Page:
Why it takes longer for public entities to get from A to Z is a mystery to me. Perhaps someone knows. Many have anxiously awaited for a long time to see the schedule for a pipeline from the Bustamante to Rio Bosque Wetlands Park. EPWU CEO John Balliew has been pushing on and for this for a long time. Thank you, Mr. Balliew! Here it is:

Do click on the image to enlarge and give 3 cheers.

Friday, April 18, 2014

The Friday Video: The Portable WIND TURBINE That Can Charge Your Phone

The day is coming when we will all be off the grid no matter what the Koch Brothers and their puppets in Congress and State houses want.

El Paso Needs a Water Summit

Rio Grande River Bed 
Former State Senator Eliot Shapleigh said the same thing that I've been saying for a long time now - viz., El Paso needs to have a major summit on water. 

"The flat truth is that EP farmers can no longer plant in most of the Valley due to an allocation of six inches," Shapleigh said. "Larger farmers are buying acre feet from smaller farmers mostly to keep pecan trees alive. Water tables are falling. Old wells from the 50's no longer touch available water."

What is required is major leadership - the kind that Senator Shapleigh gave us especially when he crafted a bill to do a Climate Change summit statewide - something Republican reactionary Dewhurst fought tooth and nail. (We don't want to upset our puppet masters in the oil and gas industry and industrial agriculture after all.)

The Texas Agriculture Law Blog shared a link to the Texas Water Report with this introduction: "Earlier this year, the Texas Comptroller’s Office put out the Texas Water Report.  This document provides a great overview of a variety of water issues currently going on in Texas.  It covers everything from current court cases to international treaty disputes to water ownership in Texas to the impacts of drought and the oil boom on water supplies.  If you are interested in Texas water issues, I would highly recommend reading over this report. . . "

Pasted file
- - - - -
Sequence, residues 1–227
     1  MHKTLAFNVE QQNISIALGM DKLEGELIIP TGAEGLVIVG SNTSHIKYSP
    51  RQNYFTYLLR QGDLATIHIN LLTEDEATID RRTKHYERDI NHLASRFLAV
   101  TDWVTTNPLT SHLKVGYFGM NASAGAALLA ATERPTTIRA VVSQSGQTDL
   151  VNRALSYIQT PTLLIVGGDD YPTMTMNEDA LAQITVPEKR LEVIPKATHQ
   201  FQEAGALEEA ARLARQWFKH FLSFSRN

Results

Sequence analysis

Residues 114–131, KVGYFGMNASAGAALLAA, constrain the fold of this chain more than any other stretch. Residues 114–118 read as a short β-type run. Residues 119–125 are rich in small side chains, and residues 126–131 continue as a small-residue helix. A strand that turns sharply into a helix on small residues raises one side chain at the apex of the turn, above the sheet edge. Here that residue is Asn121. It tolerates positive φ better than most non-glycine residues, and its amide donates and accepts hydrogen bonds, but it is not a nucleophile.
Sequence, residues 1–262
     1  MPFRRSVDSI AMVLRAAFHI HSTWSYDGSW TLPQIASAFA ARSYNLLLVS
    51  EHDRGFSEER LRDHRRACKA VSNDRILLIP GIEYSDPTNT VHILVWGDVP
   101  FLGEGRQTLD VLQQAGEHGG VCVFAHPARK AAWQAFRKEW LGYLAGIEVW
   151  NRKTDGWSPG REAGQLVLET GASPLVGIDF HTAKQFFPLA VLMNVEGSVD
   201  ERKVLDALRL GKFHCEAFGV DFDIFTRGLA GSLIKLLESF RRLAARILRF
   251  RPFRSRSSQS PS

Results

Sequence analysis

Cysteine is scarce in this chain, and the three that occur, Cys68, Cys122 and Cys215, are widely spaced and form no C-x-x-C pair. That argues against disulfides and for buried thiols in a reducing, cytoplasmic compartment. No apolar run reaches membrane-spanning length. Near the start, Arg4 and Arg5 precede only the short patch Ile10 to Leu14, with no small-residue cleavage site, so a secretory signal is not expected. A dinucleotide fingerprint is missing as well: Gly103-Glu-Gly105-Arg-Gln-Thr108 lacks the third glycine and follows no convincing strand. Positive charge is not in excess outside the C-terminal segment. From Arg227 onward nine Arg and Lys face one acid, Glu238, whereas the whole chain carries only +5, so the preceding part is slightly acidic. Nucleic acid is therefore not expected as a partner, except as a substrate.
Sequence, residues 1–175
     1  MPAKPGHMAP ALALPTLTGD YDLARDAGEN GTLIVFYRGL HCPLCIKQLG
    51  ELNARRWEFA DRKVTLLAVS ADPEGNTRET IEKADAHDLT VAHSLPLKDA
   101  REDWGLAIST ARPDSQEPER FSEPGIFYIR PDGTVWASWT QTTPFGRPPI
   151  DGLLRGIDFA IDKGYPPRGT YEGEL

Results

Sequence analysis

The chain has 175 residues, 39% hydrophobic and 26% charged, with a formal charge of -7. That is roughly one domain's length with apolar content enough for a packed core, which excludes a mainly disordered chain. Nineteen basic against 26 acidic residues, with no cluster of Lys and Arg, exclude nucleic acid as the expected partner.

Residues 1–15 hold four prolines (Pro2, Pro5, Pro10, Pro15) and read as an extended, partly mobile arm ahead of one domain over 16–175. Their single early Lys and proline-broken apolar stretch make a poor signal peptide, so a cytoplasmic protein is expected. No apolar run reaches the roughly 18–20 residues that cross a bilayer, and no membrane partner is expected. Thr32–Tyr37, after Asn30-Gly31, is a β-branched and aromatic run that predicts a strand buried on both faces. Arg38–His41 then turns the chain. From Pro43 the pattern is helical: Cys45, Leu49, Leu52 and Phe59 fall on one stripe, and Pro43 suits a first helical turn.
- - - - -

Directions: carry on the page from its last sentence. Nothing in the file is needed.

Some major concerns remain: Will Texas actually have the will to address the stress on the water supply caused by fracking for oil and gas? Will Texas have the foresight to begin to promote small, independent, local, organic farmers? Will it have the foresight to regulate the use of water so that farmers will plant crops that don't require as much water? Will Texas promote green infrastructure/low impact development or continue spending billions of dollars on mega-reservoirs with lots of concrete? I'm afraid that Prop 6 money will benefit the large corporate firms and not thirsty citizens. 

El Paso also must deal with many of these water issues. But El Paso must also begin to limit sprawl. We have more land than water. Perhaps if developers and building contractors would begin to pay wages commensurate with the rest of the country, then they would have less to manipulate elections and elected officials. The higher wages would go far to spur a depressed El Paso economy so that sales taxes not property taxes could contribute more to financing city services. Infill would also mean that the financial resources of too many El Pasoans won't be drained by mortgages plus transportation plus energy demands. Again, infill would mean more people keeping more of their hard earned money and thus having more money to spend to help the economy. 

Water and the economy - they go hand in hand especially here in El Paso.

Time to listen to the Senator. Time for a water summit.

Tuesday, April 15, 2014

State Park Entrance on Track to Start Fall 2014

Picture appropriated from Robert Gray, El Paso Inc.
TxDOT Regional Engineer, Bob Bielek, was City Representative Carl Robinson's guest at the District 4 breakfast last Friday. Judy Ackerman asked him about the State Park entrance. Here's what Bielek told her in a nutshell: "Expect to start in Fall 2014.  Will take 3 – 4 months to complete.  Not a difficult project, because it is a short-span bridge.  Costs a bit over $1,000,000."

Ten Eyck Featured Speaker for 2014 FlorFEST at UTEP

Click on image to enlarge.